Chapter 18. Threading and Synchronization

18.0. Introduction

A thread represents a single flow of execution logic in a program. Some programs never need more than a single thread to execute efficiently, but many do, and that is what this chapter is about. Threading in .NET allows you to build responsive and efficient applications. Many applications have a need to perform multiple actions at the same time (such as user interface interaction and processing data), and threading provides the capability to achieve this. Being able to have your application perform multiple tasks is a very liberating and yet complicating factor in your application design. Once you have multiple threads of execution in your application, you need to start thinking about what data in your application needs to be protected from multiple accesses, what data could cause threads to develop an interdependency that could lead to deadlocking (Thread A has a resource that Thread B is waiting for, and Thread B has a resource that Thread A is waiting for), and how to store data you want to associate with the individual threads. You will explore some of these issues to help you take advantage of this wonderful capability of the .NET Framework. You will also see the areas where you need to be careful and items to keep in mind while designing and creating your multithreaded application.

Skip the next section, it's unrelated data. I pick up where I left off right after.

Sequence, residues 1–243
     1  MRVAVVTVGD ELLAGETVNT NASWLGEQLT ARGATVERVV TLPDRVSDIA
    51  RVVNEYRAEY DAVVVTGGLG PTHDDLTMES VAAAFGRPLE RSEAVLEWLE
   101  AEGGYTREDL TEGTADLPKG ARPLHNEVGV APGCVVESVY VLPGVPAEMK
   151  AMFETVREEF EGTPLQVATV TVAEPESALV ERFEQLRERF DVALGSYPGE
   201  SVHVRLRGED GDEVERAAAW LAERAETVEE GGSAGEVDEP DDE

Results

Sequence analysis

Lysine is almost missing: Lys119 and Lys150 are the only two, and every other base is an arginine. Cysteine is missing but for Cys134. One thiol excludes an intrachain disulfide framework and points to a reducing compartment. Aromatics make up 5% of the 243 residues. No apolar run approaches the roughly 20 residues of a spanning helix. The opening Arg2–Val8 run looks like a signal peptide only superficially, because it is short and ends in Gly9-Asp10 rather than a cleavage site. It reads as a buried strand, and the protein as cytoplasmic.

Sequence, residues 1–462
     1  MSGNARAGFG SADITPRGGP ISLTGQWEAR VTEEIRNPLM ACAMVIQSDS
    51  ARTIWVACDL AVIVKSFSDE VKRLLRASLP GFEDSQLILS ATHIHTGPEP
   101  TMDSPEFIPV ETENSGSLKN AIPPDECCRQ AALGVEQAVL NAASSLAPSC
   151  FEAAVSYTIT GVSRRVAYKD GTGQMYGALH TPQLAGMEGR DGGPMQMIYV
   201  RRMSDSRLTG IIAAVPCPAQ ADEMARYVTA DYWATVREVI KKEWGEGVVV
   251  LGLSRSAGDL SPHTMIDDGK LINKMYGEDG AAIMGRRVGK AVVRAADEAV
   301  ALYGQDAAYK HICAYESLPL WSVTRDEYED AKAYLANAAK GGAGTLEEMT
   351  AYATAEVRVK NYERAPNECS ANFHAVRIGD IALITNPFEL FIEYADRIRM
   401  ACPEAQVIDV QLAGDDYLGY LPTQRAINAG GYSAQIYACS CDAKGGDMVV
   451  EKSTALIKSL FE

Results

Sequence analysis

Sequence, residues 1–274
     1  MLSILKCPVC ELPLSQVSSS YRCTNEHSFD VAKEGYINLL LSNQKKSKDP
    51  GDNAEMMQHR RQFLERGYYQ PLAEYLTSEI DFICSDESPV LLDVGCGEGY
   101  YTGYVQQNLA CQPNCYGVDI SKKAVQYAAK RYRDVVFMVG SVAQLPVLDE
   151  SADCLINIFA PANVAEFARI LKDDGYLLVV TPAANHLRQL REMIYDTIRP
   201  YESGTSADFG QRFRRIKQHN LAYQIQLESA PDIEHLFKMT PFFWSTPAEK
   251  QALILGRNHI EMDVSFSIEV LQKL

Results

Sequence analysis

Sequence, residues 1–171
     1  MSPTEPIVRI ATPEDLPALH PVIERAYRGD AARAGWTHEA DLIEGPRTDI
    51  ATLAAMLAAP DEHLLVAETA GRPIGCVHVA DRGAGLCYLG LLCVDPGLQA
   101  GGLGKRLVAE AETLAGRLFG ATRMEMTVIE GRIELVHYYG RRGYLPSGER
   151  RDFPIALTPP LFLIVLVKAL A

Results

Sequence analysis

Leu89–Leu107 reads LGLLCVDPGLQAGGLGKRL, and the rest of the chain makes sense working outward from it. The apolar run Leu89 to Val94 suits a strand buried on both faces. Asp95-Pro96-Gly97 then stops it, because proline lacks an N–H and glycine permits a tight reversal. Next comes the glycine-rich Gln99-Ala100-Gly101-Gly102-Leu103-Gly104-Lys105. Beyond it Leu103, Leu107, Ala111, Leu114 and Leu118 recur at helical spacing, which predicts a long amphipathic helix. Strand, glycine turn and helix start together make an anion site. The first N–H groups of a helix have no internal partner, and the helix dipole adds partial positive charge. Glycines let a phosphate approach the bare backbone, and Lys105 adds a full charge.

18.1. Creating Per-Thread Static Fields


Static fields, by default, are shared between threads within an application domain. You need ...

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